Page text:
Review of the Six Zero Double Black Diamond 14 MM Paddle

Whew! What a title!


As always, I am going to go into a bit of a technical discussion of the paddle technology, in this case, Gen 1 vs. Gen 2. I have asked to someone to explain the differences to me and so far – crickets. So I did some research.

But before I go into that, I have to discuss the name of the paddle.

Also, if, after reading this, you are interested in getting a paddle at a 10% discount, follow this link and use the coupon code HANSEN10.

So, about the name. We all know that most pickleball pros are rated 6.0+. I think the name of the paddle is in reference to that rating. But I am a whitewater kayak instructor, as well as a pickleball instructor, and 6.0 means something else to me.

Rapids are normally rated 1.0 (almost flat water) to 5.0 (dangerous water). There are 6.0 rapids, though, and they are very dangerous. So the 6.0 in the name may mean—the person using this paddle is dangerous!

I get it. It is a control paddle with a lot of power.

So, what about double black diamond? Well, I am (was) also a skier, and I have done one double black diamond run in my life. I did it twice. The story behind that is long, so I won’t write it here, but let me say that there is a skull and crossbones at the front of the lift. In other words, this run is scary and for experts only.

So, this run, and this paddle, are for experienced players who are looking for a bit more control. It has plenty of power.


These are the tests I normally run when testing a paddle:

Dink straight on and cross court

Okay – this paddle felt soft and responsive. Soft in a good way. I did not have to do much to get great dinks and, when I loaned my paddle to some students (who were maybe 3.0 players) they did very well with it as well. (So much for experts only, right?)

Windshield wiper dinking

I did this a little differently this time. I had two students on each side of the NVZ and had them dinking to e while I moved. I then switched around and let them use the paddle (one of them had a different paddle that I like as well). This drill was effortless for everyone.


Effortless volleying. One student wanted to try “roll” volleys. After I told her to ratchet it down a bit, when was hitting lasers to the baseline. No need to crank it up.

Ground strokes

Great top spin and under spin. I really enjoyed returning serves with underspin using this paddle.


Great top spin serves and rives but, when it came to side spin, the paddle really performed. I could get a soft sidespin serve to kick about three feet away from my opponent.

Lob off a dink

This is not one of my normal tests, but a student wanted to learn it. With her paddle, she was hitting the lobs a bit long, so I had her use the Six Zero. Same stroke, better results. The softness and control of the paddle made quite a difference.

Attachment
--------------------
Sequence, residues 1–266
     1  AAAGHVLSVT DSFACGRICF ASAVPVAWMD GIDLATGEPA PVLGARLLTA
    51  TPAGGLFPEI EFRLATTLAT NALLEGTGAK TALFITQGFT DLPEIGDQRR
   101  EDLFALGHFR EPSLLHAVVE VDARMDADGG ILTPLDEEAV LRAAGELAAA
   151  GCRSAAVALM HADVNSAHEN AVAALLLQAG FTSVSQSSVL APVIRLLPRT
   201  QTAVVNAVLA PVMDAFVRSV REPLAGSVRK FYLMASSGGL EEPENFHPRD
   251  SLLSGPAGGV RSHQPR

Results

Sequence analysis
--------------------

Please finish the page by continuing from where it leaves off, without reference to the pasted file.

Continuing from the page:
As powerful as any of the other 14 mm / 13 mm paddles I have. I did not test the 16 mm but I can assume it has adequate power as well.


  • Construction: Gen 2 Raw Carbon Fiber paddle designed for control, combined with a permanent textured surface for maximum spin. 
  • Shape: A little wider at the top than the bottom. Not much. Width is 7.5” to 7.7″ from bottom to top.
  • Face: Toray 700 Raw carbon fiber
  • Average weight: 8.1 oz
  • Grip length: 5.5” (Enough for a two-handed backhand)
  • Grip technology: AH HA! I will talk about this a bit later. To maximize strength and performance Six Zero engineers have designed a 3D carbon forged handle.
  • Grip size: 4.25”
  • Carbon Fusion Edge Technology: Foam injection followed by a light-weight carbon seam fusing the top and bottom faces of the paddle results in a tighter crisp feel and an increased sweet spot that radiates around the paddle perimeter.

Gen 1 vs. Gen 2

Gen 1 and Gen 2 are terms (buzz words) a lot of people throw around without knowing what they mean. Most people seem to think that they are terms related to the face of the paddle. They are actually terms that refer to a process called thermoforming. Thermoforming is a plastic manufacturing process that applies a force (vacuum or pressure) to stretch a sheet of heated thermoplastic material over an engineered mold to create a 3-dimensional shape or part. After forming, the shaped part can then be trimmed and finished to specification to meet an end-user’s requirements.

This is what I have found out about Gen 1 and Gen 2 after a lot of research.

  • Gen 1 is a patented system to thermoform plastic over custom, 3-D printed molds.
  • Gen 2 manufacturing is a fully automated laser technology that allows for more precision cuts.

So, unless I am mistaken, both are 3D printing technologies, with Gen 2 incorporating laser technology. If you like, you can make a Glock 9 mm pistol with Gen 2 technology.

Some people have told me that CRBN paddles were banned because they were Gen 2. CRBN may have added to this idea because they sent out a letter to owners that contained the wording, “we made mention of the potential for immediate reapproval of Gen 1 and Gen 2 paddles.”

The ban had nothing to do with the manufacturing process, but with delamination of the face.

Anyway, on with the review.

What about price?

Expensive, right?

Not really. It sells for $180. With the discount I mentioned above, the price would be $162. That is in keeping with a number of other paddles and a lot less than some paddles, such as the CRBN paddle.

BUT – they are on back order. To get yours, go to the website I mentioned and place your order. It took me two weeks to get mine, not the end of the world.

Here is the ordering information again: follow this link and use the coupon code HANSEN10.